Every July, economists, business leaders, NGOs, and politicians from around the world gather in Aix-en-Provence, France, for the three-day Rencontres Économiques forum, organized by the Cercle des Économistes. This year’s forum focused on the changing nature of work. The timing of the meeting, which coincided with a heated debate in France about the innovative ride-sharing service Uber, could not have been more apt.
The forum’s theme was undoubtedly selected partly in response to fears that technological advances will lead to widespread unemployment, as machines become advanced enough to replace humans in performing an increasing number of tasks. As MIT’s Andrew McAfee pointed out, historically, technological revolutions have “eventually led to more, if different, jobs”; but, with machines becoming increasingly intelligent, “this time may be different.
Given this possibility, McAfee suggests, we may need to re-build our societies so that, as intelligent machines increase productivity, the declining demand for human work has welfare-enhancing outcomes like higher (and more equitably distributed) incomes and more leisure time. He is not alone: John Maynard Keynes predicted this possibility 85 years ago.
Uber, which enables people to connect with available drivers through a smartphone app, is precisely the kind of disruptive company that is driving the shift. Taxi drivers in France and around the world are particularly incensed about UberPOP (called UberX outside Europe), a no-frills service. Uber has since withdrawn UberPOP from France, at least temporarily – though not before two of its top managers were arrested for ignoring the government’s injunction to suspend UberPOP.
But the kind of innovation that Uber exemplifies will not be stopped so easily. Uber’s software, in a sense, does the job of thousands of Walrasian auctioneers acting locally in space and time, leading to almost perfect price discrimination. Airlines have long employed such price discrimination, offering multiple prices for the same distance flown, depending on date and time. But Uber price setting is unique in its immediacy, which it has achieved by taking full advantage of modern communications technology.
In terms of work, Uber creates more jobs than it destroys. This leads to a clear increase in efficiency and provides overall income gains. Even if losers were fully compensated, the sum of the gains – shared by the firm, its mostly part-time workers, and its customers – would far outweigh the losses.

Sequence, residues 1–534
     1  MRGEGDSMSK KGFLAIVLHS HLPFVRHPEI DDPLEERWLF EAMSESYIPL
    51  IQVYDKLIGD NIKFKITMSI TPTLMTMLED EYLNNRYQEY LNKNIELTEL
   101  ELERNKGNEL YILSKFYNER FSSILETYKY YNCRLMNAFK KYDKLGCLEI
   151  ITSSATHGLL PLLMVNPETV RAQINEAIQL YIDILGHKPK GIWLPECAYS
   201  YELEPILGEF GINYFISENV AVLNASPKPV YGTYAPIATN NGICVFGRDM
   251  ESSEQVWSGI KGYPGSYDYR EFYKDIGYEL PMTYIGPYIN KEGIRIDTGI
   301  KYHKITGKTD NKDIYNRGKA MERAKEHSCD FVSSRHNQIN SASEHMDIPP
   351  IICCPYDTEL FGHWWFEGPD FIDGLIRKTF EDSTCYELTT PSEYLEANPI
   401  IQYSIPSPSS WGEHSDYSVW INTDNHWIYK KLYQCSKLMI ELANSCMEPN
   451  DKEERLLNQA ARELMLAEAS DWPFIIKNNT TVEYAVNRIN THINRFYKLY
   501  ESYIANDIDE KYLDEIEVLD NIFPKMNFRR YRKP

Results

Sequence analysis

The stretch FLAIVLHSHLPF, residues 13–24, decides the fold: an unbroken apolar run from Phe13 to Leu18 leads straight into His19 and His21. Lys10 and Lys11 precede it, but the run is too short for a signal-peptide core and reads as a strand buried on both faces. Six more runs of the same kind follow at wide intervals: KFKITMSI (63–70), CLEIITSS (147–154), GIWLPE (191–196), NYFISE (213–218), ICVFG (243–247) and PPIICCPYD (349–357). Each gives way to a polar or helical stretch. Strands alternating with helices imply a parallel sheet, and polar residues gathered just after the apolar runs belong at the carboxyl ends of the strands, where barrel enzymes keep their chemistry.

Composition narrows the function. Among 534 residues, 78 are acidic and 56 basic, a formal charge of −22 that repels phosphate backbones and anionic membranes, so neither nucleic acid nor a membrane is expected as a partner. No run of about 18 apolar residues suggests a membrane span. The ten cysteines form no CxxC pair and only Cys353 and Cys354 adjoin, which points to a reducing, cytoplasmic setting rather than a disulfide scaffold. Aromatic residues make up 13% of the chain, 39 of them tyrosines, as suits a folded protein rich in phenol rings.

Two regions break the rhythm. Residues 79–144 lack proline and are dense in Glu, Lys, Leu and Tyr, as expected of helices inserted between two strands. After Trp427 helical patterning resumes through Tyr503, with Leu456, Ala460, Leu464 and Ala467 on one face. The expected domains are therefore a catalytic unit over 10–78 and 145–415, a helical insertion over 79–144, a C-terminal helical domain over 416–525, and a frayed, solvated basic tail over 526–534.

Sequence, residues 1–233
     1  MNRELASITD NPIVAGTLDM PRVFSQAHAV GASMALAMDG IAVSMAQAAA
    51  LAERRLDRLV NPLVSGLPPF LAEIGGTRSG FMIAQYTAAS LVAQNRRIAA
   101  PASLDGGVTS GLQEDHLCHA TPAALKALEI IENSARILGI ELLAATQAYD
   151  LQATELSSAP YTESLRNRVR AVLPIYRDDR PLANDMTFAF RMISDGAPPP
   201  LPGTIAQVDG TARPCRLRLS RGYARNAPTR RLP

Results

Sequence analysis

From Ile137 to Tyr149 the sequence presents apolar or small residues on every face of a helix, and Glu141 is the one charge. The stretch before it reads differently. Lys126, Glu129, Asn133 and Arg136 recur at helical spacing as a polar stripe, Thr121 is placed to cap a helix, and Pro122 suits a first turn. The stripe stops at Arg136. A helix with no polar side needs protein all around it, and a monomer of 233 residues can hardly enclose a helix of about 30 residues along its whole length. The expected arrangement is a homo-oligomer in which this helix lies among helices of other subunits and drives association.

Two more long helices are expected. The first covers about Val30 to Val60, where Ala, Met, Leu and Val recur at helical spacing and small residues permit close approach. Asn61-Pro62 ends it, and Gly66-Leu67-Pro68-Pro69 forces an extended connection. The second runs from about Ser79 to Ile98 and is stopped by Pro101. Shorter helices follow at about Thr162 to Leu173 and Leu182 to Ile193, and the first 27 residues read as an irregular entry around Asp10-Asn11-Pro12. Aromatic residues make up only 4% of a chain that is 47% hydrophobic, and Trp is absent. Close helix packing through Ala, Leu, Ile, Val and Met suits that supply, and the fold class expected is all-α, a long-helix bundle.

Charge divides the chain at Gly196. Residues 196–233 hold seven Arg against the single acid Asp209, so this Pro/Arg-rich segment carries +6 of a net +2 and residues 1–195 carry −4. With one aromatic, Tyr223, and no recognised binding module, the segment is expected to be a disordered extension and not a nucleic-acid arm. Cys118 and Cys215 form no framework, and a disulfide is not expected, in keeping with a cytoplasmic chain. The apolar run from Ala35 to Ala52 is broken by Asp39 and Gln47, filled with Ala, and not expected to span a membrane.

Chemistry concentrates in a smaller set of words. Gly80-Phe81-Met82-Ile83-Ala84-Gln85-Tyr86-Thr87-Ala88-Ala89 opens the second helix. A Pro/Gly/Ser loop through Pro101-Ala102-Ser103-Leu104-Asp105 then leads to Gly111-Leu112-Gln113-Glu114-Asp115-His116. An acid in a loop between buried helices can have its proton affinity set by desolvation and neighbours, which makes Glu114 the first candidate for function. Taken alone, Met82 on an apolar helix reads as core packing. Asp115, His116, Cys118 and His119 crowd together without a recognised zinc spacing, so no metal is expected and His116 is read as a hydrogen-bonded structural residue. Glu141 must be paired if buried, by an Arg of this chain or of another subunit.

Nevertheless, there are real problems that must be addressed. For starters, there are the losers: traditional taxi drivers, who often have had to pay large license fees and thus cannot compete with Uber’s low prices. While this problem always arises when disruptive new technologies appear, innovation and adoption are occurring faster than ever. Taxi drivers are being asked to adjust in a matter of days, rather than years, leaving democratic systems little time to determine how much compensation they should receive, and how it should be distributed.
Another problem is regulation. Taxis produce not only income tax, but also value-added or sales taxes. But the UberPOP software, at least so far, has made it impossible to collect value-added tax. To level the playing field, local or national authorities should require the company to integrate tax-collection software into its app. The fact that UberPOP drivers, unlike taxi drivers, do not cover passenger insurance also amounts to unfair competition, and must be remedied.
Moreover, in France, taxi drivers must undergo regular health and professional tests, to which UberPOP drivers are not subject. Like all Uber drivers, they are “monitored” by users, who evaluate them through the app after each ride. This may be a useful innovation; but it is not really a valid replacement for, say, an eye exam.
The final problem with innovative companies like Uber is that the financial returns overwhelmingly accrue to the company’s leadership, rather than to the service providers. Whether or not that is justified, such companies’ contribution to rising income inequality – and thus to regulatory capture, media bias, and disproportionate influence in elections – cannot be ignored.
Uber is just one example of disruptive innovation that brings huge increases in efficiency, as well as real social and regulatory challenges, a point that French Economy Minister Emmanuel Macron emphasized in his speech at Rencontres Économiques. And, in fact, Uber is one of the less problematic innovations, because it is a net job creator; the rise of computers capable of replacing call-center workers, by contrast, is resulting in large net job losses. In a democratic system, the challenges that such disruptive technologies bring must be confronted in a way that ensures fairness, without impeding progress.
The creative destruction of the so-called “second machine age” cannot and should not be stopped. But to think that markets alone can manage its transformative impact is pure folly – a fact that the recent global economic crisis, which was rooted in unbridled financial innovation, made clear. What is needed now are new social and regulatory policies, often global in nature, that embody a new social contract for the twenty-first century.